bright-eyed, short-haired and incredibly energetic. They are
sturdy and strong, deep at the chest, and muscular. They are bred
not for affection or devotion, although they give and receive
both gladly, but for endurance and skill and obedience. They are
rotated into the pack at about 18 months if they are fast
learners, and if they're tough and they don't get hurt, they can
run with the hunt for more than seven years. The hunt membership
pays, through dues and fees of various sorts, for their care. And
for the 87,000 pounds of kibble they eat every year.
These dogs are bred to the hunt. They are trained to follow the
Huntsman's instructions, to scent and follow a coyote at full
clip for hours over impossible terrain, over crumbling rockfalls
and under barbed-wire fences and through the dense nets of bull
thistle and prickly pear and cholla, down the wandering arroyos
and up the switchback canyons, beyond the point of exhaustion,
past the limits of their own pain, until the Huntsman calls them
off--or until they catch the coyote, are told to set upon it and
then tear it apart.
Did I forget to mention that?
By the time I drop Raul off at his home late that day, I am still
bathed in the noise of the dogs--my ears are ringing and my head
feels like a Mason jar full of BBs. As the gates swing shut
behind me, the lights of Zinderneuf blaze in my rearview mirror.
Then they are gone.
During the hunt season, from late fall to late spring, there is
every chance that if you go to the Starbuck's nearest the freeway
in Brentwood at 6 a.m. on a Saturday, you will see people in tan
breeches and high, black boots. They are hunt members. They will
not dither over what they want to order, or how much nutmeg to
dust it with, or in which pig-latin size they need to order it.
They are on their way to the hunt, and they need their coffee. Do
not get your scones in their way.
A few exits up the interstate, our caravan of cars, trucks and
horse trailers pulls off near a bird sanctuary to make sure
everyone is in line for the long drive north. While we wait for
stragglers, Raul and I talk about his role as one of the hunt's
whippers-in. These are the riders who flank the neat formation
of hounds and Huntsman at the head of the first field. If a
hound strays, it is the job of a whipper-in to remind him where
he belongs. This is done by scaring the kibble out of him with a
crack of the whip. Raul demonstrates. Taking a wide stance on
the asphalt, he draws the whip up and splits the early fog with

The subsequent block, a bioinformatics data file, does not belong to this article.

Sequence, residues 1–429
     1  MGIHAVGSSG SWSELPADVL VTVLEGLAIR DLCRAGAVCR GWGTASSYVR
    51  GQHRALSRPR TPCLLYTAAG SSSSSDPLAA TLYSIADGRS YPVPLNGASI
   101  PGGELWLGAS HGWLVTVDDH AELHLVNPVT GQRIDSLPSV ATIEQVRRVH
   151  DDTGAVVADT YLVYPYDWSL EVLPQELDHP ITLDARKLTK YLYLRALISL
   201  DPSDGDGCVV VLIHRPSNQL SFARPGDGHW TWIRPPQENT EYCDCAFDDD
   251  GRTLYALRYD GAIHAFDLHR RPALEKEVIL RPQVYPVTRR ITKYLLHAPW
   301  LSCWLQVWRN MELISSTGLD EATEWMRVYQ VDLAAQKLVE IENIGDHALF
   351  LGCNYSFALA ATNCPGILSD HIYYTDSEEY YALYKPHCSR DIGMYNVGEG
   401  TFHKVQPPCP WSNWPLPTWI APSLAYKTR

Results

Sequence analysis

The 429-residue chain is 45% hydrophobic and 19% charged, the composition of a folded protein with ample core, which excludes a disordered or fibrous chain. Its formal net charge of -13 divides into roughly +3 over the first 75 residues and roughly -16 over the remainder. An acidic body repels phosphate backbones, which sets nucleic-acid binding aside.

great, lashing thunderclaps (BANG!) with sweeping gunshot arcs
(CRACK!). In his breeches and boots (BAM!) he looks like a lion
tamer (BANG!), like brooding Mr. Rochester (CRACK!) from Jane
(BAM!) Eyre, like a guy with a whip in an empty bird sanctuary
parking lot at 6:30 (CRACK!) in the morning.
Safely back in the car, we climb through the mists on our way
north. Past the Bennigan's and the McSwiggan's and the malls and
the superstores. Past developments on torn, naked hillsides with
names like Live Oaks, Twin Oaks, Three Oaks, Four Oaks, Oak
Woods Homes, HomeWood Oaks, Oakshire, Woodshire and Oak Forest
Woods. Past po-mo condo complexes so huge and isolated and wrong
for the landscape that the flapping IF YOU LIVED HERE, YOU'D BE
HOME BY NOW banner reads like a threat.
Up through the Angeles National Forest, up and out of the fog at
4,000 feet into perfect sunlight and the southern range of the
Tehachapis. Two hours out of Los Angeles, and we are parked at
the very edge of heaven. It is one of the most beautiful
landscapes I have ever seen. California poppies burn the valley
orange all the way to the horizon as blue lupine pours from the
foothills. Mustard and meadow foam and yarrow whirl thick and
crazy across the meadows in Van Gogh yellow.
We are on private land--hundreds of thousands of acres of it. I
have agreed not to identify it more specifically. The folks who
allow the West Hills Hunt to use their property around Los
Angeles do so happily, but anonymously. They'd rather not catch
the attention of protesters. What hard-bitten land baron wants
placard-toting, slogan-chanting, flannel-wearing, self-loathing,
World Bank-hating bluenoses out by his wellhead first thing on a
Saturday morning when a man hasn't even had his G.D. coffee yet?
Jesus H.! Lulu! Lulu Ann! Fetch my scattergun!
Ever discreet, the hunt, too, maintains a low profile, although
it's not strictly necessary this morning. Unlike those in the
U.K., hunts in the United States encounter little organized
opposition. The only other humans in sight when we pull up are a
couple of middle-aged watercolorists and, on a distant hillside,
a single shepherd tending his flock. When the artists catch
sight of the lonely mutton-poke and his sweatered herd wandering
among the wildflowers beneath the majestic peaks, they know
they've hit the crafts-fair jackpot. Paint boxes and easels
aclatter, they take off running.
By now there are 20 or so horse trailers angled into an open
field. Some have been hauled here behind commercial-duty diesel
rigs as complex and expensive as the lunar module; others have
been dragged through the hills by cowboy-quality two-tone
pickups with bent frames and metastatic rust. Riding to hounds
in the Nueva West isn't just for the super-rich. A rig, a horse,
dues and upkeep don't have to run much more annually than a
couple of destination golf outings. Hence the handful of